GILLETTE, Wyo. — Cuts to fish and wildlife programs in the state passed another hurdle Thursday.
The Wyoming Game and Fish Commission preliminarily approved about $7 million worth of cuts to the state Game and Fish Department’s 2014 budget with little discussion or fanfare.
Commissioner Aaron Clark said commissioners and department officials have been working on, and talking about, the cuts for months. More difficult cuts will come in 2015, when the department may hack entire programs. Commissioners and department officials want the public’s involvement when making those decisions, he said.
Department officials had asked the Wyoming Legislature for license fee increases this year to continue current services. Legislators said no.
Rep. Marti Halverson, R-Star Valley, said after the meeting Wednesday that she wondered if the current proposal, which includes cutting items like the Hunting and Fishing Heritage Expo and select fish stocking, is meant to alarm the public.
“I think it’s the exact opposite,” Clark said. “The majority of the cuts are internal and in the department, and the public shouldn’t notice them.”
Some of those include removing vehicles from the fleet, not filling vacant positions and not updating equipment.
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A large portion of Game and Fish’s budget is required by the Legislature. The costs of health insurance, shared services such as the state auditor and salaries are set by the state, not by the Game and Fish Department, he said.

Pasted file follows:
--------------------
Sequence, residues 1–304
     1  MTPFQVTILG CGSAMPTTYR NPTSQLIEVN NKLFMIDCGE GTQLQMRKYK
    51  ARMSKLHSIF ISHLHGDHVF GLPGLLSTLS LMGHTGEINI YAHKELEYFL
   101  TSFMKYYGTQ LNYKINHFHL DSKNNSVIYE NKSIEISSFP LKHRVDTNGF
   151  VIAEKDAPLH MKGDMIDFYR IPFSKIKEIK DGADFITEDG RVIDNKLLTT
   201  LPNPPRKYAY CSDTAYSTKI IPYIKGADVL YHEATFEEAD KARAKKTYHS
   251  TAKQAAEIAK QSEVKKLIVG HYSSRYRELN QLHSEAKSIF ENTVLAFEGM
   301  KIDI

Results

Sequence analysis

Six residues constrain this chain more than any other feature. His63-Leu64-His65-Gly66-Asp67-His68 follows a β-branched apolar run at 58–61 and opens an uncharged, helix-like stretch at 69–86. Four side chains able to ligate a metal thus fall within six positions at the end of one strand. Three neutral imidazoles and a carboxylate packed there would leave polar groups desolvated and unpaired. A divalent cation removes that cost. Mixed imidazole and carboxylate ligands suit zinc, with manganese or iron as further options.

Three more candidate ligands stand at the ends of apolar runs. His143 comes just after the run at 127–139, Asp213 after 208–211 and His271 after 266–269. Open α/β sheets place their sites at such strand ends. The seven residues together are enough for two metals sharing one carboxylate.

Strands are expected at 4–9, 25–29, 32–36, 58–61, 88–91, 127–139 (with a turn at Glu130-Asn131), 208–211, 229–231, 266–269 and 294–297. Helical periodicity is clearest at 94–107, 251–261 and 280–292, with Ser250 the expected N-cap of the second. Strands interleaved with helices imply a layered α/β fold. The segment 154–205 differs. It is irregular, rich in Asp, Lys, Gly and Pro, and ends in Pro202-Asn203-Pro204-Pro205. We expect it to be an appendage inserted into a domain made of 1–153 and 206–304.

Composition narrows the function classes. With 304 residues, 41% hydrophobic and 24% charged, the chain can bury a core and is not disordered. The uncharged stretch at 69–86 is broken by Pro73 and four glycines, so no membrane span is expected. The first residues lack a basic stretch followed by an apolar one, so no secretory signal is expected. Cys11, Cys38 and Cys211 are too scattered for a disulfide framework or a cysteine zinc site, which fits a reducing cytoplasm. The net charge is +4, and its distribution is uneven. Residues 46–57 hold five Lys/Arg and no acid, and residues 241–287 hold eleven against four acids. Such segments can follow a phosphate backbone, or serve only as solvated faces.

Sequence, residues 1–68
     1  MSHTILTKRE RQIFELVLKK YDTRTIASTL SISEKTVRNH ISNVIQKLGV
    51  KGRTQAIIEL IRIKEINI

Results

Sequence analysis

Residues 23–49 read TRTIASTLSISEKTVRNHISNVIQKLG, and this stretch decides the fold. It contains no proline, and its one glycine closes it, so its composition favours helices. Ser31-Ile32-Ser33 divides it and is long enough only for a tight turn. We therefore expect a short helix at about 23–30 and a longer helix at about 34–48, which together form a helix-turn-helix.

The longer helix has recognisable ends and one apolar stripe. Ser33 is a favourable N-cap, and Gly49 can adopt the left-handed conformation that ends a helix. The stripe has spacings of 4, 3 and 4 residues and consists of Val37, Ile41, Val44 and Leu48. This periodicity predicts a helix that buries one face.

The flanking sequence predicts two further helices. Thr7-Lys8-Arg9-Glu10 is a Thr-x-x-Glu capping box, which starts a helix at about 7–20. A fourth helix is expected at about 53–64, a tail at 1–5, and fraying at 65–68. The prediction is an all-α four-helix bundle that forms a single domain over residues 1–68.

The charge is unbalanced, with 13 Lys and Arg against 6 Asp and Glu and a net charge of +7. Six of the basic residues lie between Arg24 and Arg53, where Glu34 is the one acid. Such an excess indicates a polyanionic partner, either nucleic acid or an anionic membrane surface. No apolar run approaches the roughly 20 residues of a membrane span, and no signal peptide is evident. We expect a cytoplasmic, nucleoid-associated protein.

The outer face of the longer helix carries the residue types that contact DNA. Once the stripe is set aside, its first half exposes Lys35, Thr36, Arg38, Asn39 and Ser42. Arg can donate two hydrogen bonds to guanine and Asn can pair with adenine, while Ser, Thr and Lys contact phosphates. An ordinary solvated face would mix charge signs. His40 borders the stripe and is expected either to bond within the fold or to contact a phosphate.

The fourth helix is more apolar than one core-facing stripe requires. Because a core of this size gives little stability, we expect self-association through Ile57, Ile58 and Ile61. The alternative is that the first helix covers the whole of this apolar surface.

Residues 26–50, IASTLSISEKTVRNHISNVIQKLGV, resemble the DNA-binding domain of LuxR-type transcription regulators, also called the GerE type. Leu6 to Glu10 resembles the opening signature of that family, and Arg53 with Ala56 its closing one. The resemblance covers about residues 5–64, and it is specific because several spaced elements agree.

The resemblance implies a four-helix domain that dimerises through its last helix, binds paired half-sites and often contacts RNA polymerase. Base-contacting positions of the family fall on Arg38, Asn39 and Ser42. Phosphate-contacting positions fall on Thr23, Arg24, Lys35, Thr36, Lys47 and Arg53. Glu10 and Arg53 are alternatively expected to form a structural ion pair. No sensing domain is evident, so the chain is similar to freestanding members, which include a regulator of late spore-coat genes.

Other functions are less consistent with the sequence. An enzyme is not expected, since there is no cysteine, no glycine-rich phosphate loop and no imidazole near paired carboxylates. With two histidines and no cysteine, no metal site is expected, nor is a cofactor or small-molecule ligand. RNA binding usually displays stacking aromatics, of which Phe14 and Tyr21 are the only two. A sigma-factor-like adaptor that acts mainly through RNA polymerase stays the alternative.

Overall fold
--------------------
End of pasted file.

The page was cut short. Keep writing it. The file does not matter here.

“People say we should run the department like a business,” he said. “Except we can’t control our cost of health insurance and salaries, and now the state is controlling the cost of our product.”
Few areas are left to cut, which is why programs like the Expo rest on the chopping block. It doesn’t bring revenue to the department, and cutting it will save $250,000 per year.
The program cuts will have an effect on people. Each program and each service has a following, Game and Fish Director Scott Talbott said.
“There isn’t a single thing that this department and commission does that isn’t important to some aspect of our constituency,” he said Wednesday. “I’m not aware of a single thing that the Legislature hasn’t asked us to do or the public hasn’t asked us to do.”
The commission will take a final vote on the 2014 budget at its July meeting. Work has already begun on 2015 cuts.